Public speaks out on proposed school start timesSuperior residents turned out in droves Monday night to speak to the Superior School Board about plans to introduce new start and release times for the city’s eight public schools. The Superior school district is proposing an earlier school day for most elementary schools, while Superior High School and Superior Middle School students would begin their days later.
By: Emily Kram, Superior Telegram
Superior residents turned out in droves Monday night to speak to the Superior School Board about plans to introduce new start and release times for the city’s eight public schools.
The Superior school district is proposing an earlier school day for most elementary schools, while Superior High School and Superior Middle School students would begin their days later. The change would allow the school district to streamline its bus routes and save an estimated $170,000.
“We’ve cut back to the bone,” said Janna Stevens, Superior superintendent. “I don’t know where else to go.”
The Superior school district faces a $700,000 budget shortfall for the 2012-13 school year, which comes on the heels of a $2.7 million cut absorbed this year.
The new school start times are not an ideal solution, Steven said, but the plan is preferable to cutting programs, eliminating positions or increasing class sizes.
“It’s a very difficult situation,” said Jack Amadio, business manager for the Superior school district. “When I look at those budgets, the last thing the Board instructs me to do is cut programs and lay off staff.”
With the savings from the revamped bus routes and additional savings from changes to employee health care insurance, the district will be able to avoid program cuts for the 2012-13 school year; but the reworked bus routes will likely lead to the layoff of three bus drivers.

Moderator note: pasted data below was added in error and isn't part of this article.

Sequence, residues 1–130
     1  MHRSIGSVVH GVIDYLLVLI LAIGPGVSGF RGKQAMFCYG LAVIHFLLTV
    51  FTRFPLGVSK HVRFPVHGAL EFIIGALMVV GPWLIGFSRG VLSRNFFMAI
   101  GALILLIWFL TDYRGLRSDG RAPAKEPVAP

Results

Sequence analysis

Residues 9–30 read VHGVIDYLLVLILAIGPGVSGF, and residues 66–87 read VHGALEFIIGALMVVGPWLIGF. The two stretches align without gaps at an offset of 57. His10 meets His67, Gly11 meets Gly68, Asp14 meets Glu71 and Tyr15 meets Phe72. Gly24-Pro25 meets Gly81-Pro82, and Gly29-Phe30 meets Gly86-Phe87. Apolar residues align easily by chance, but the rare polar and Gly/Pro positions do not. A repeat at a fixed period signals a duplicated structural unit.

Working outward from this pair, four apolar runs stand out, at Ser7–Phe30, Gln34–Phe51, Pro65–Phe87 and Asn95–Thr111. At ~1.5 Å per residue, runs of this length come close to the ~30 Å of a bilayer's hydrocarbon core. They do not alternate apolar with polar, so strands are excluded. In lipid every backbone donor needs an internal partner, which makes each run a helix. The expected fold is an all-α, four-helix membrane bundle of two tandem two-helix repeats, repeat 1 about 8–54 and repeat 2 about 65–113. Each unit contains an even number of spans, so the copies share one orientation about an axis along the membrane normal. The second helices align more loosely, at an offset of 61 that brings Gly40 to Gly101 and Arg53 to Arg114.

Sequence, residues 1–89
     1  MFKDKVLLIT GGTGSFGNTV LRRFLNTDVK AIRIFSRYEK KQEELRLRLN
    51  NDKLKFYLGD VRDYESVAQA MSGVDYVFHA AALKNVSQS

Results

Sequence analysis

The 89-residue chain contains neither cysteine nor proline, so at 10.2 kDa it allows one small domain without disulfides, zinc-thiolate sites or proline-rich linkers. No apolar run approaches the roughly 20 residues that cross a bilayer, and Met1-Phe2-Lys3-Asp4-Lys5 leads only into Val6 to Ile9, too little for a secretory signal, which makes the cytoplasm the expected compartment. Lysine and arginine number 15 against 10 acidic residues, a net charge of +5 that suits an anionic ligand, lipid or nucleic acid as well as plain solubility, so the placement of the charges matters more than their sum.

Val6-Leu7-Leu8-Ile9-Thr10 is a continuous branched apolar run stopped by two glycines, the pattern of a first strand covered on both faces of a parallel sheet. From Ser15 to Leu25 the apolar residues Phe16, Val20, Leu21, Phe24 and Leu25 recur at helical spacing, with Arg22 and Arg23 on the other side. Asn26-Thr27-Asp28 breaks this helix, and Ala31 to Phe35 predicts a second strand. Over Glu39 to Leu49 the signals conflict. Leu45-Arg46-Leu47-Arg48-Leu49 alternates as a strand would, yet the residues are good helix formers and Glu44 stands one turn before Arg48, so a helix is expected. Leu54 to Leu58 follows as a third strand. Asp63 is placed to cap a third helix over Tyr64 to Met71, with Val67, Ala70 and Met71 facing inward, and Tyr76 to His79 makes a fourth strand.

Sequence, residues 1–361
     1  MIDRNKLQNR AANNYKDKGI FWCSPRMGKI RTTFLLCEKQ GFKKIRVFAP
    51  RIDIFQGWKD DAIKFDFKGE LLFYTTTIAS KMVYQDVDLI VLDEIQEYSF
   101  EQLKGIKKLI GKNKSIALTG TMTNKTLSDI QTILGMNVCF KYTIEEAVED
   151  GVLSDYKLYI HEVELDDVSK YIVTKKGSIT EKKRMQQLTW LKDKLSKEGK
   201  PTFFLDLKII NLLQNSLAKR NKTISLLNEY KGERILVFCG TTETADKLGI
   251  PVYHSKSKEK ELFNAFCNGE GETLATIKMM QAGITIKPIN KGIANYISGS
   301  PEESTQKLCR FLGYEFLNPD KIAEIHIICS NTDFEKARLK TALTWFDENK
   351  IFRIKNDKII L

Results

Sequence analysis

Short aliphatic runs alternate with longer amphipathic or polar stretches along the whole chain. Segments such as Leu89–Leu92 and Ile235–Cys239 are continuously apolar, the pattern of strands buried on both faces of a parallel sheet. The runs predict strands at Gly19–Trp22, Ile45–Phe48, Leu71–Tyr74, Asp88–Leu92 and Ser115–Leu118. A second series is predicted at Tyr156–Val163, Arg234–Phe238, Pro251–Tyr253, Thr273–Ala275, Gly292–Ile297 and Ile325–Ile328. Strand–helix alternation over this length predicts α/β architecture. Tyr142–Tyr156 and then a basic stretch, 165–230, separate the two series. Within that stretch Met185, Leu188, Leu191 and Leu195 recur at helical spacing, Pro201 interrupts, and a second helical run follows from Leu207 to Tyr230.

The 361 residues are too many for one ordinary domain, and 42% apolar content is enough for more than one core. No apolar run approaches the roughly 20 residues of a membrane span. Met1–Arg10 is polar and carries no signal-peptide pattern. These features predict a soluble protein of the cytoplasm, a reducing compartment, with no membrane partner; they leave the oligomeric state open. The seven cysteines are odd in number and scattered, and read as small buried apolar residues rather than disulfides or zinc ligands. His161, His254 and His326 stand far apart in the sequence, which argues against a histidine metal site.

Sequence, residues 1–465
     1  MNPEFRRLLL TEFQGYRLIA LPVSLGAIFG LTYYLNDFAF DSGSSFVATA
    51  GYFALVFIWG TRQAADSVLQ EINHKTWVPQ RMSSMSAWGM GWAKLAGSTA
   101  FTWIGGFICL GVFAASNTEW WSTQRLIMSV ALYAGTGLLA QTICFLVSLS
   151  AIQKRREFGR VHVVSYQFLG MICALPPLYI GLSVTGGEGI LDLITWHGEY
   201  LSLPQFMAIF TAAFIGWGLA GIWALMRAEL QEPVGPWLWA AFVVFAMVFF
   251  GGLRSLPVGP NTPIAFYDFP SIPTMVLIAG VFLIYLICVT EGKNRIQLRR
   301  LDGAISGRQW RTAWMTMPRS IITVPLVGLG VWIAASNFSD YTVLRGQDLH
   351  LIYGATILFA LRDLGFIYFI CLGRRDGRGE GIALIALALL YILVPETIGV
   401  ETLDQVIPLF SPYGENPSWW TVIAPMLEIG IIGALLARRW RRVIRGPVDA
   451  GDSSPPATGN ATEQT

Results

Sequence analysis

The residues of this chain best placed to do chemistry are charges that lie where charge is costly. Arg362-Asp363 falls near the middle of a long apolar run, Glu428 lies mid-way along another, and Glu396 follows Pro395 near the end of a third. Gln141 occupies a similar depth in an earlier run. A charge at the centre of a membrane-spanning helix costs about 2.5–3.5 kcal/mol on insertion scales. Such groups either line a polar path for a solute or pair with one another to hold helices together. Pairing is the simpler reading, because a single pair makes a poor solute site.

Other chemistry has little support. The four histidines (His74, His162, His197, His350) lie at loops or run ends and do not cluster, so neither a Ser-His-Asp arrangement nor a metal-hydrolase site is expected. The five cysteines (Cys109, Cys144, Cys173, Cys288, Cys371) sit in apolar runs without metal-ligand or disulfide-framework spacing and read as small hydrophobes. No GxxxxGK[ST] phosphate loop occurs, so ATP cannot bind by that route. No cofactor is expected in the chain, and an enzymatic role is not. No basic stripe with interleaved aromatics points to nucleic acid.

Monday’s committee of the whole meeting lasted nearly three hours as a dozen people came forward to talk to the Superior School Board about the plan to change school start and dismissal times.
About 65 members of the public — mostly parents and school district employees — attended the meeting.
The plan presented at Monday’s meeting calls for most elementary schools to start about half an hour earlier and for SMS and SHS to begin later in the day. The exception at the elementary school level is Four Corners, which will see its starting time moved from 8:45 a.m. to 9:15 a.m.
Four Corners will have the latest release time of all district school at 3:45 p.m., followed by Superior High School at 3:30 p.m.
Northern Lights will see a biggest shift in its start times. The school day currently runs from 9 a.m. to 3:30 p.m., but the new times proposed would have the day starting at 8:10 a.m. and ending at 2:40 p.m.
“We know that this change can be disruptive for families and staff,” Stevens said, but she added that the district is working to provide options for families.
Jess Brozic, who teaches third grade at Northern Lights Elementary School, said he and his fellow teachers have serious concerns about the new school times. One fear is that the earlier start time at Northern Lights will lead to increased truancy. In the last two months, students were tardy for class 367 times, Brozic said.